Plan proposes spending $5 million to upgrade exhibits on USS Yorktown

Plan includes new theater

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MOUNT PLEASANT, S.C. — In an effort to attract visitors to a World War II aircraft carrier, the Patriots Point Naval and Maritime Museum unveiled plans Friday to spend upward to $5 million to upgrade exhibits on the USS Yorktown using everything from holograms to computers.

Museum officials announced Friday a master plan to spend perhaps $5 million to update the World War II-era aircraft carrier USS Yorktown with more interactive exhibits to better attract 21st century visitors.   BRUCE SMITH/ASSOCIATED PRESS
Museum officials announced Friday a master plan to spend perhaps $5 million to update the World War II-era aircraft carrier USS Yorktown with more interactive exhibits to better attract 21st century visitors.

“We’re in a competitive business just like any other business and this is the 21st century and we really haven’t embraced it like we should have,” said Mac Burdette, the museum’s executive director.
A proposed master plan includes a new theater and a hanger bay with exhibits with cast figures showing how the aircraft were maintained and armed. Tours through the carrier would be themed, such as everyday life aboard the ship, the engineering of the carrier and how it was used as a weapon of war. There might also be audio narration.

One area would use interactive technology to tell stories specific to the Yorktown.

Burdette said the approach will make the ship come to life

“Right now if you go down to the engine room, you have no idea what it’s for or how it works,” he said. “We’ll have a screen set up and you’ll push a button and you’ll have one of our veterans who worked the engine room telling you about it.”

The carrier has dozens of memorial plaques, and the plan proposes using those as part of an interactive exhibit so when visitors walk past, they see video about the crewmen.

Another proposal is called “Moments, Missions and Mayhem,” in which, throughout the ship, visitors will be able to, with interactive technology, encounter events such as a ready room briefing or crewmen roused from their beds during an attack.

The plan, developed by MUSAIC Design Group of Boston, will be considered by the Patriots Point board next month. Burdette said the exhibits will be upgraded in phases over three years.

Burdette said that in the 38 years the Yorktown has been in South Carolina, its primary audience has been World War II and Vietnam vets.

“The generations that supported Patriots Point in 1975 are not the same generations supporting it today and going into the future,” he said. “They are technologically advanced and they can’t just look at a picture on the wall and be satisfied. They have to press a button and something has to happen that inspires them and intrigues them and excites them.”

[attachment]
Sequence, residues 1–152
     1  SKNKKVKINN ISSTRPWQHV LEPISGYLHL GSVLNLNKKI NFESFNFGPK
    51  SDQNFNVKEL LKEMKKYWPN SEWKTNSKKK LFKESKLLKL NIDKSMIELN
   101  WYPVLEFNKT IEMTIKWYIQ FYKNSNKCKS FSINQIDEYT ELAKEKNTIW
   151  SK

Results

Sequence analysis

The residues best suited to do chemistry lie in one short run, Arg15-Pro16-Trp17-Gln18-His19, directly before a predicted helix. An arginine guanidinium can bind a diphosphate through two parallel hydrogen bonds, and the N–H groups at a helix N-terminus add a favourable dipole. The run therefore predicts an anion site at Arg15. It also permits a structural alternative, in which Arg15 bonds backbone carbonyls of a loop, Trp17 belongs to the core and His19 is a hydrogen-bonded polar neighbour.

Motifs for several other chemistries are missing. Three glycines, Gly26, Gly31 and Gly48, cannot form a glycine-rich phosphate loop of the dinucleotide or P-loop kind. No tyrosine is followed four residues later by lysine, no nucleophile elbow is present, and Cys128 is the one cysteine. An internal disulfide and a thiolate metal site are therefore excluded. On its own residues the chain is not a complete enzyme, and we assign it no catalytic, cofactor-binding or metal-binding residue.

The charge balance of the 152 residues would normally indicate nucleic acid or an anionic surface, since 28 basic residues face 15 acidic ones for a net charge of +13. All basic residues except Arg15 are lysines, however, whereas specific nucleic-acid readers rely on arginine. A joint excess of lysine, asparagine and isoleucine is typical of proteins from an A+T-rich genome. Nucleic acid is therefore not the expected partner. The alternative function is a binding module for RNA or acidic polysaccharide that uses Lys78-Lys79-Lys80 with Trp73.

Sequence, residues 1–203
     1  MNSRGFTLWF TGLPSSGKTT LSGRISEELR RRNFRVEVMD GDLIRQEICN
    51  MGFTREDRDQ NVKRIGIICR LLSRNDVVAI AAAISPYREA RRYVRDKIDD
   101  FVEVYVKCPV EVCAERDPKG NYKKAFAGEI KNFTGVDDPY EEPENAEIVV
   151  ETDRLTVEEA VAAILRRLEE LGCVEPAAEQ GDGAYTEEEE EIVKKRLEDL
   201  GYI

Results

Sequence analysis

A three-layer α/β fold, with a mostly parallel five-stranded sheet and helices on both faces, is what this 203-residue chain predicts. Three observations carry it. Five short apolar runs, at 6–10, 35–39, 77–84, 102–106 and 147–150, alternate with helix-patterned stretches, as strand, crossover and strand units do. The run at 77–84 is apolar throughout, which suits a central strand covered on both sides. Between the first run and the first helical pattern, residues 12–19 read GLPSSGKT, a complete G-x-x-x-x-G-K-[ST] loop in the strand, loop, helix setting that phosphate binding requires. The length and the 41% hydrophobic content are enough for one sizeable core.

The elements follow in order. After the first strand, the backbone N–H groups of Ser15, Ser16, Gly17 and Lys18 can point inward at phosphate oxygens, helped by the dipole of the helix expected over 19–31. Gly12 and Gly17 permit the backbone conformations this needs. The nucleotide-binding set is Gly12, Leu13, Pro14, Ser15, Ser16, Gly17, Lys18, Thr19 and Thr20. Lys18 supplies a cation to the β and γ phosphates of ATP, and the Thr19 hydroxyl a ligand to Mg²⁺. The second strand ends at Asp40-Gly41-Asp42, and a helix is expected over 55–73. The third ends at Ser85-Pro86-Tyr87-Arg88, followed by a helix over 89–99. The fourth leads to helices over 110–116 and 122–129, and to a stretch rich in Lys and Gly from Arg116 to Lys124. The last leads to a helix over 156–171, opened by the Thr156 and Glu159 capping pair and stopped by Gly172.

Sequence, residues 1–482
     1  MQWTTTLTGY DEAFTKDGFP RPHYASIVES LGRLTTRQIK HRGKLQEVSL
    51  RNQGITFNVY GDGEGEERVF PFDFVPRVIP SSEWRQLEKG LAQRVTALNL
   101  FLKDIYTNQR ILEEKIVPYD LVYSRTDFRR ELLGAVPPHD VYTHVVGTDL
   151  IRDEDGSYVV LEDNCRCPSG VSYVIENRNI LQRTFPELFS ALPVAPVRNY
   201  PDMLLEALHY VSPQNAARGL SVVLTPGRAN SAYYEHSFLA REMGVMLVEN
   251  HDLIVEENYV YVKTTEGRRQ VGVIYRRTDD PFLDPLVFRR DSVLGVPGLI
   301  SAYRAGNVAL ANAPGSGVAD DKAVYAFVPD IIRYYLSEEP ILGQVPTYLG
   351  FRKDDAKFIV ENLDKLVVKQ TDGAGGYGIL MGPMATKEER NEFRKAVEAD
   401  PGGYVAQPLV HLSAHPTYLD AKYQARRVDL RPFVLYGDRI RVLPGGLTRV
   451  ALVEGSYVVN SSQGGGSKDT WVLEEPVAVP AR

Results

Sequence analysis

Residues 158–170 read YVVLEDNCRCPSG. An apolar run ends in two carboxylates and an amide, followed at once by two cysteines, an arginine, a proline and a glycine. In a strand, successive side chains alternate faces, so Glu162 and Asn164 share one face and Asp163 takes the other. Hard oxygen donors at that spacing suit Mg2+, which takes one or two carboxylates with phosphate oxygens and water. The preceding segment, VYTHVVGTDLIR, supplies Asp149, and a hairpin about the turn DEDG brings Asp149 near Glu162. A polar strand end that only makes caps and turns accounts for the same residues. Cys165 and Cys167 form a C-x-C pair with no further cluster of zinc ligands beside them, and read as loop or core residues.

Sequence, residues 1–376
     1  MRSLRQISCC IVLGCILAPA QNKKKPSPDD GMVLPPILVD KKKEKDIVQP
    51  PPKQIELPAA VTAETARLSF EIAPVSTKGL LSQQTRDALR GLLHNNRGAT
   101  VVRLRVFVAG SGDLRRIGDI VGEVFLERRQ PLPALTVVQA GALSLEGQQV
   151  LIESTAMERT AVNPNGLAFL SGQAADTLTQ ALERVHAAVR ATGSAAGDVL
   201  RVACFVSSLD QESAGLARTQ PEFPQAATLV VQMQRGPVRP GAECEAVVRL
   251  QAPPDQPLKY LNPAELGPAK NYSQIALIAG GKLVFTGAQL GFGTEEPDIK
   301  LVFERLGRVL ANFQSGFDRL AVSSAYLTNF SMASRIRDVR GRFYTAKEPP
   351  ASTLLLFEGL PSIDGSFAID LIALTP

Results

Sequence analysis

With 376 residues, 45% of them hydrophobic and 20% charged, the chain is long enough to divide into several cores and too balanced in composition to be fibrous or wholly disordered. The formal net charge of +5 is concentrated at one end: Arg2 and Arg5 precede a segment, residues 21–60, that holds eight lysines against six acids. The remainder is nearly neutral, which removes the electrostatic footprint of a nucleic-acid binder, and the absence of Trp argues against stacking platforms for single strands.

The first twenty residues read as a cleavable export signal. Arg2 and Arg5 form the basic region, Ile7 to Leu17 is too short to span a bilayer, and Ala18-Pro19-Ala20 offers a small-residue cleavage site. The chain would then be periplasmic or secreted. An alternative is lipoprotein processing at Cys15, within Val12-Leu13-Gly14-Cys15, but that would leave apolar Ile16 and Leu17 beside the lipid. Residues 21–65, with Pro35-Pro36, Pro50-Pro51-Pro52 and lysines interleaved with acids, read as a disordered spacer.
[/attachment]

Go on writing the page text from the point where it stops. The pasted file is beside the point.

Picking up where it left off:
Matt Kirchman, a principal planner for MUSAIC Design, said designers looked at other ship museums and many are static.

“The idea of bringing exhibits to life aboard the vessel, that’s a new twist,” he said.

In other places “if you took the exhibits off the ship you could put them in any building and they would be just as much at home. We don’t want to do that here. We really want to bring the Yorktown to life.”

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Jake 03/16/13 - 12:00 am
This is great

I have been to the Yorktown at least 3 times and every time it was great. The one thing that stands out about the Yorktown was the hospital area that showed an Xray of an un-exploded mortar that landed in a Vietnamese man's collar bone gap and they had to surgically remove it.
Also, the interior of the carrier is like a small city with it's own post office, hospital, cafeteria, chow hall.
Out here I have been on the USS Hornet, which is docked in Alameda Bay. This was the carrier that picked up Neil Armstrong, Buzz Aldrin and Mike Collins after their historic lunar flight in 1969.

Riverman1 03/16/13 - 06:03 am
There has always been

There has always been controversy about the Yorktown sitting in Charleston Harbor. Some feel it is too modern and detracts from the historic setting.

GeorgiaCarolina 03/16/13 - 09:51 am
Not going anywhere

I guess there is always something to debate or point out. The USS Yorktown has been in Charleston harbor for 38 years, if there are still people not happy about that, they will probably be gone soon. It is not any more modern than the ships loading up BMWs from the Spartanburg plant or the 21st century cruise ships sitting on the actual historical side of Charleston harbor everyday. They all sit in the shadow of the new Arthur Ravenel Jr. Bridge. Again, there is always going to be someone to complain about something.

my.voice 03/16/13 - 10:52 am
The ship doesn't sit in the

The ship doesn't sit in the historic district. And without the ship and others like it, you wouldn't have a historic district. Bring it back to life, heck, fire the dang guns weekly just as a reminder! Don't let history sink into disrepair!

Riverman1 03/16/13 - 11:28 am
I'm simply pointing out there

I'm simply pointing out there has been much controversy about the carrier and its effect on historic Charleston. From the historic Battery on the Cooper River side it is certainly visible. The modern ships are unloaded up river a bit from the historic Battery. Of course it has been there a long time, but removing it was seriously discussed not too many years ago. You have to understand the importance proud Charlestonians place on historic preservation. Afterall, the Atlantic Ocean was formed by the convergence of the Cooper and Ashley rivers Charlestonians believe.

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